If not addressed early, chronic infection can be a large number long-term health problems, including cancer, heart disease, type 2 diabetes, and non-alcoholic fatty liver disease. Healthy choices such as dark leafy green vegetables (think kale and spinach), fatty fish (salmon and mackerel), and olive oil are some of the foods help fight inflammation.
Now research suggests that there is another type of food that may have an even greater impact on preventing chronic inflammation. A new study published in the magazine Cell believes that a diet rich in fermented food (think miso and sauerkraut) improves the diversity of gut microbes, thus reducing molecular signs of inflammation.
The study involved a clinical trial consisting of 36 healthy adults who were randomly assigned to a 10-week diet that contained either foods that were fermented or high in fiber. The researchers found that the two diets had different effects on the gut microbiome and the immune system.
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“Previous work in the field has reported the effects of diet on the human microbiome, and some have reported measurements of host health,” said lead study author Hannah Wastyk, a doctoral candidate in bioengineering at Stanford University. Eat this, not that!. “However, our study is the first, to our knowledge, to report comprehensive immune profiling over time to examine in depth the axis of the diet-microbiome-immune system.”
As Wastyk points out, these two particular diets were chosen for the study because both have been shown to positively impact the gut microbiome. However, the findings of this study show that when we eat fermented foods, they introduce their own microbial community into our gut microbiome. This, in part, increases the diversity of the healthy bacteria in the gut that our bodies need to fight off the chronic inflammation that can make us more susceptible to infections and chronic disease.
That’s not to say, however, that those who ate a high-fiber diet didn’t experience gut-related health benefits.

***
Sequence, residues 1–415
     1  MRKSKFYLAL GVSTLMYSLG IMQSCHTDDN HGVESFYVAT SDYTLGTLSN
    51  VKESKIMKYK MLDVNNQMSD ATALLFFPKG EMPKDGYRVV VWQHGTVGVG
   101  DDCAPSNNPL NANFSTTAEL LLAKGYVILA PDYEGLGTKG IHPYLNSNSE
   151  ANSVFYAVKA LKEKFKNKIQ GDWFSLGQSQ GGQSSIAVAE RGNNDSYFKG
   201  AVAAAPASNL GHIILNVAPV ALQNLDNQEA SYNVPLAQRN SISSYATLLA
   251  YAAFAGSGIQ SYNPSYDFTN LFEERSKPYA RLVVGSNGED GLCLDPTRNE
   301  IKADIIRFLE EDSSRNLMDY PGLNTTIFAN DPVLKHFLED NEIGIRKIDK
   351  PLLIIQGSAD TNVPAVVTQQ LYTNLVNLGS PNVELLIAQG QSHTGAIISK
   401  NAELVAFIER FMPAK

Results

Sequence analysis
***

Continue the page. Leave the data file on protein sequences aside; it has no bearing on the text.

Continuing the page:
“While we did not see an increase in diversity as expected, we did see an increase in the microbial capacity to metabolize plants. The more fiber people ate, the better their microbiome was able to digest it,” said Wastyk. “These results were promising and suggest that if the study had been extended for a longer period of time, we might have seen a more substantial microbial and immune response. . response in the high-fiber diet group.”
The subjects who entered the study with a more diverse gut microbiome and ate a high-fiber diet had improved immune status at the end of the 10-week period.
“Since the highly fermented food diet had such a striking response to reproducibly increase microbiome diversity, one can imagine that a hybrid diet, rich in [both] fermented foods and rich in fiber, the effects seen here may synergize for an even greater impact on improving immune status,” Wastyk says.
As Vincent M. Pedre, MD, medical director of Pedre Integrative Health and author of “Happy Gutpoints out that many people in the US (and other Western societies) have low gut microbiome diversity as a result of dietary choices, lifestyle habits, and even medication.
“Usually, the diversity of the gut microbiome is low due to exposure to antibiotics, the standard American diet, alcohol, and even stress,” he says.
The findings of this study offer hope, as they suggest that increasing your intake of fermented foods may help reduce inflammation caused by all of these factors. Pedre offers a few examples of fermented foods that you can add to your diet today. They contain:
Fermented cottage cheese
Pedre also notes a few limitations of the study. A) It was a small, randomized prospective study with only 18 people in each group, and B) the groups consisted mainly of white women.
“Due to the homogeneity of the participants, it would be great to replicate this study with a more diverse study population to see if these effects can be extrapolated to both men and women, as well as different ethnicities,” he says.
For more, be sure to take a look The secret to avoiding obesity may lie in your gut, says new study.